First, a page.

The Joint Ventured Nation Why America Needs a New Foreign Policy By Edward Goldberg
Moving America from the Troubled Superpower to the Indispensable Partner

What a ride the world has been on over the last thirty years: the fall of the Berlin Wall, China’s reemergence as a major power, the wishful creation of the BRICS, technological innovations, 9/11, conflicts in Iraq, Afghanistan, and Syria, terrorism, the market crash of 2008, the Arab Spring, the Eurozone crisis, America’s reemergence as an energy giant, and the rebirth of czarist Russia, and now the election of Donald Trump. The most important change, though—and the key to America’s future, despite Trump’s campaign rhetoric—is globalization.

Our fate is now interconnected to other major industrial countries, yet our foreign policy has not adapted to this reality. In today’s world, the term “ally” is becoming rapidly irrelevant. The United Kingdom is an old ally of America, but as a result of economic codependencies, China is now much more important to the United States. Instead of thinking in terms of allies, think of US policy regarding other twenty-first-century nations as a set of concurrent joint venture agreements.

In The Joint Ventured Nation, author Edward Goldberg argues that American foreign policy is too focused on a world that no longer exists, one in which political power is measured by military strength or fervent ideology. He details how our fate is now intertwined with our economic partners, and looks at how we should deal with states such as Russia and the various Middle Eastern nations that refuse to join the globalized world. Most importantly, he shows how America can remain first among equals in a joint ventured world.
TitleThe Joint Ventured Nation
SubtitleWhy America Needs a New Foreign Policy
AuthorBy Edward Goldberg
PublisherSkyhorse Publishing
ImprintSkyhorse Publishing
Published18 October 2016
Dimensions6.00 x 9.00in.

About the author

Edward Goldberg teaches international political economy at New York University’s Center for Global Affairs. He is also a scholarly practitioner at Zicklin Graduate School of Business, Baruch College, specializing in globalization. He is the president of the Annisa Group, a consulting firm focused on global economics and trade, and was a member of President Barack Obama’s foreign policy network election team. Goldberg writes regularly for the Huffington Post and the Globalist and is a frequent guest on Bloomberg Radio. He has also been interviewed on Public Radio, CBS Radio, the Associated Press Radio, and CNBC. Goldberg lives in Staatsburg, New York.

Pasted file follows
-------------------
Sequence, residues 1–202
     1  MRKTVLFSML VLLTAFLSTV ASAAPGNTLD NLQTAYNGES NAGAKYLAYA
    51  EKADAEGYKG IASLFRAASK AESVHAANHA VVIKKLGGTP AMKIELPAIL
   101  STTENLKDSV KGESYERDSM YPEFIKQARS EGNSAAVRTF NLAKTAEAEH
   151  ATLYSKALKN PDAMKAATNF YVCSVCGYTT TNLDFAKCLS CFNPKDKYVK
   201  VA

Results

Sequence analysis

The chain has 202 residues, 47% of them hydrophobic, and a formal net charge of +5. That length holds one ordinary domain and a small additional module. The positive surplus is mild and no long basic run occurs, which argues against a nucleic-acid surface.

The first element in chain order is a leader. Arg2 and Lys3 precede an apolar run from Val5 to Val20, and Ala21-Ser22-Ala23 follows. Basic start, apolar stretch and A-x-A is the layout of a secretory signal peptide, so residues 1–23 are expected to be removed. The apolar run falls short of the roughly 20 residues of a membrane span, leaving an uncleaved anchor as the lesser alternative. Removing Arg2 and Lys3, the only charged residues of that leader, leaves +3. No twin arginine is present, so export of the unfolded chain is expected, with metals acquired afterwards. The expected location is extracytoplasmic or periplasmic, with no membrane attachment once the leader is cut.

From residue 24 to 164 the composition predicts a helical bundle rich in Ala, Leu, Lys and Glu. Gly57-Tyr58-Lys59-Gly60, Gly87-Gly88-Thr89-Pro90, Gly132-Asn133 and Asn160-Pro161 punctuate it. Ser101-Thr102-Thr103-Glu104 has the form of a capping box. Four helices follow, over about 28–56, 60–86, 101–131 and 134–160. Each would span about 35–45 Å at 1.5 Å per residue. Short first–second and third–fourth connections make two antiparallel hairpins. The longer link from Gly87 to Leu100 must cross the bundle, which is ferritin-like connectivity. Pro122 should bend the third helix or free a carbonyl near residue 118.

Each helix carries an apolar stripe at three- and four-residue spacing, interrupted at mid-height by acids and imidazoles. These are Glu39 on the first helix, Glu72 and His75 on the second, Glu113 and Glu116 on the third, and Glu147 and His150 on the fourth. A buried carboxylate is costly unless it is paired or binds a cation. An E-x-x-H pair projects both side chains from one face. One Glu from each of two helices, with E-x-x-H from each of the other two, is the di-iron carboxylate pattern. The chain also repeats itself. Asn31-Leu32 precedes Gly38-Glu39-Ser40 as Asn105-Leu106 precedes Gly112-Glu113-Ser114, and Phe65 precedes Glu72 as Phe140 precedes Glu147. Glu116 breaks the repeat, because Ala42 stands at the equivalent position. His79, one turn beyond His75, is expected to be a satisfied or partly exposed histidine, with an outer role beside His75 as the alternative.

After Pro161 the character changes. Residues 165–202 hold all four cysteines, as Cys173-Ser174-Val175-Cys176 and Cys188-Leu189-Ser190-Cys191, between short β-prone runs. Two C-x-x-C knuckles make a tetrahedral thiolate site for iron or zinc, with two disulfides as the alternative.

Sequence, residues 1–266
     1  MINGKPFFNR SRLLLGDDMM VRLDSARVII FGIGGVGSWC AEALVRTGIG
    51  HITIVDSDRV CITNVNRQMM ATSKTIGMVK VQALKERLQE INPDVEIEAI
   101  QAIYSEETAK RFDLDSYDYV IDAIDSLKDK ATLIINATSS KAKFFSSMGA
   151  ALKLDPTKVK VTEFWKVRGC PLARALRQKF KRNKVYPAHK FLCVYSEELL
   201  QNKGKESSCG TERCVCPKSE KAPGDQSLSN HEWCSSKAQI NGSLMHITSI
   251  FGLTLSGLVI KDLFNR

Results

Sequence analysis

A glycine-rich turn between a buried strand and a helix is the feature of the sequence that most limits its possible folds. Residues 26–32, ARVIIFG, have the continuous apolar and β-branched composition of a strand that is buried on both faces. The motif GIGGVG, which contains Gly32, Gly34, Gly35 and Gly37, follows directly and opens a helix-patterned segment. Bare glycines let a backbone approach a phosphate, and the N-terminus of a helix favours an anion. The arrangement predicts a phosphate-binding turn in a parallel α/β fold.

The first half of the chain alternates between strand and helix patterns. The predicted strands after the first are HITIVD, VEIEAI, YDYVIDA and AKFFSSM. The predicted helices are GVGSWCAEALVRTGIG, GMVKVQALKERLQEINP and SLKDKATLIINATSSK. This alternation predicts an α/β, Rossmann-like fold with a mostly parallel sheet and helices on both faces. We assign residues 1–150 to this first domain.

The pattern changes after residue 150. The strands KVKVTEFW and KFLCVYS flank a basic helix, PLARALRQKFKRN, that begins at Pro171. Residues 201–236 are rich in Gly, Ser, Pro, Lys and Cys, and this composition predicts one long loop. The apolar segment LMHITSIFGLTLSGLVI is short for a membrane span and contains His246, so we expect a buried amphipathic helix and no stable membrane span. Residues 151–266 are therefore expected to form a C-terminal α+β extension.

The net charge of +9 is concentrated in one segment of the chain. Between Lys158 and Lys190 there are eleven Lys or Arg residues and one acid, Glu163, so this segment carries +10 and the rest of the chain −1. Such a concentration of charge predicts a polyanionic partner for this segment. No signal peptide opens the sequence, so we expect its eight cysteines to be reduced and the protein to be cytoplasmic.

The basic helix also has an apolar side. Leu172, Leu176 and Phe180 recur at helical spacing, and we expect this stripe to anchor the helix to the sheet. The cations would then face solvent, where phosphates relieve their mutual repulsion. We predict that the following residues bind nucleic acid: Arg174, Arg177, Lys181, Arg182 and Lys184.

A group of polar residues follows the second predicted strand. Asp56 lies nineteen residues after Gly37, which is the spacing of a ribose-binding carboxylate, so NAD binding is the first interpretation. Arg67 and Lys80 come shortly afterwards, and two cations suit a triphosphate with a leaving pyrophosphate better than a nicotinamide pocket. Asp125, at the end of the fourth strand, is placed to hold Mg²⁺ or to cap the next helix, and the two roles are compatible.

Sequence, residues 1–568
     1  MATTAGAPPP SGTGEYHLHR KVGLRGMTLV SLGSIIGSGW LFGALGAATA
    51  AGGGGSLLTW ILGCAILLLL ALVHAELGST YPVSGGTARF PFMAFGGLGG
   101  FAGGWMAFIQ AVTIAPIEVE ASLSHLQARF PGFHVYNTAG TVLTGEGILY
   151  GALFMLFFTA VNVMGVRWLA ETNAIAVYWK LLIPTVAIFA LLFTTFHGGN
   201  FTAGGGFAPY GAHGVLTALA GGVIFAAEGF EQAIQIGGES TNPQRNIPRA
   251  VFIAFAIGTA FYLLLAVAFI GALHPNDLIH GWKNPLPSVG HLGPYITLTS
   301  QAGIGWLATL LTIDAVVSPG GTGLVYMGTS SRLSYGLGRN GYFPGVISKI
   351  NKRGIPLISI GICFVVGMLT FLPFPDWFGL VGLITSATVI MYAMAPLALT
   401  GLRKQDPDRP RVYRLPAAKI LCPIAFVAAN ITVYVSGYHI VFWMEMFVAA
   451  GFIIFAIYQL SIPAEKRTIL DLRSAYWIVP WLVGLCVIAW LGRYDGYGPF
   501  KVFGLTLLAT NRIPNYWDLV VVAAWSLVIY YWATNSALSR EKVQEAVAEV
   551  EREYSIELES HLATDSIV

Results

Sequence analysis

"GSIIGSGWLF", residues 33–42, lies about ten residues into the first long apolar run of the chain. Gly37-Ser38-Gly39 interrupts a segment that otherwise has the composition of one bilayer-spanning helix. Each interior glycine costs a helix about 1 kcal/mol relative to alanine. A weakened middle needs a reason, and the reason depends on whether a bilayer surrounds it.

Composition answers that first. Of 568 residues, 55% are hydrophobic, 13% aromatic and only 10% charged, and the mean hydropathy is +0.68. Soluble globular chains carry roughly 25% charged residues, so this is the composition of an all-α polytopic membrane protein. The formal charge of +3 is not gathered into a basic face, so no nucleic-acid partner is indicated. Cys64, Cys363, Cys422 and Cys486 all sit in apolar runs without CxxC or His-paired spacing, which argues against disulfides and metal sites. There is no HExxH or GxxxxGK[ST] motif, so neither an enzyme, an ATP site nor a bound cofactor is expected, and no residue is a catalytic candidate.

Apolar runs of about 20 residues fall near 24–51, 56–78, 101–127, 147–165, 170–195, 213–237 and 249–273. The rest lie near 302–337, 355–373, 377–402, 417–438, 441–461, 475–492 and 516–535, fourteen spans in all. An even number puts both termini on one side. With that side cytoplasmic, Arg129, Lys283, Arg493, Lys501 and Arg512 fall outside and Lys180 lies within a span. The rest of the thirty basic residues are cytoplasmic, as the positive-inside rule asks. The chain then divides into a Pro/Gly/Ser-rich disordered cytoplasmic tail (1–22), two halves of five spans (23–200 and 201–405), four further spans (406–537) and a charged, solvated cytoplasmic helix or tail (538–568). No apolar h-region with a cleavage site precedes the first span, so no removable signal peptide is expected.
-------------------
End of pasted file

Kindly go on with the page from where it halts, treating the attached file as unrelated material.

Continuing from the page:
“Edward Goldberg gives us a cogent account of how we arrived in this new era when all the major nations, like it or not, are joint venture partners with one another. Critics who hope to roll back the tide of globalization are the modern equivalent of King Canute. This book is a must read for anyone interested in 21st-century US foreign policy, the emergent global economy, and the political challenges we face both at home and abroad.”
—William M. LeoGrande, Professor Government and Dean Emeritus, School of Public Affairs, American University and co-author of Back Channel to Cuba

“I found the historical context from which Edward Goldberg developed his argument for joint ventures among nations and economies in a post-Westphalian world to be fascinating and compelling.”
—Wayne Porter, CAPT, USN (ret.) and co-author of A National Strategic Narrative

“As globalization is both feared and misunderstood, Edward Goldberg’s timely book offers lucid and original analysis, placing globalization within a larger historical, geopolitical and economic context. Scholarly, yet witty and concise, this should be on every US and European politician’s reading list in the coming year.”
—Dr. Irene Finel-Honigman, Adjunct Professor of International Affairs, School of International and Public Affairs, Columbia University and author of A Cultural History of Finance

“The well thought-through discussion of why United States foreign policy is trapped in a world that is attributable to the failure to understand the far-reaching implications of how economic globalization is trumping political sovereignty. Discussing how to bring our foreign policy into the 21st century—reflecting the new reality of a globalized economic world—the author also addresses how the United States should deal with countries not part of that world, for example, Russia. A must read.”
—George Schwab, President Emeritus, National Committee on American Foreign Policy

“An innovative approach to the 21st-century world, and the US role in particular, creatively integrating the dynamics of the contemporary global economy and classical considerations of nation-state interests.”
—Bruce W. Jentleson, Henry Kissinger Chair, Kluge Center, Library of Congress and co-author of The End of Arrogance: America in the Global Competition of Ideas

The Joint Ventured Nation features solid discussions of the changing nature of sovereignty, the power of the Federal Reserve, and the shifting geopolitical views of nations over the past decades...Some provocative ideas for policymakers.”

“Goldberg uses the titular concept of the “joint ventured nation” as a way to describe the relationships the United States cultivates in our complicated universe. Instead of traditional allies, we create strategic partnerships based on narrower mutual (typically economic) interests to achieve common goals…. [The Joint Ventured Nation] is pragmatic and nonpartisan in scope.”
Library Journal

ISBNs: 9781510712225 978-1-5107-1222-5 Title: the joint ventured nation category:POL ISBNs: 9781510712232 978-1-5107-1223-2 Title: the joint ventured nation category:POL 
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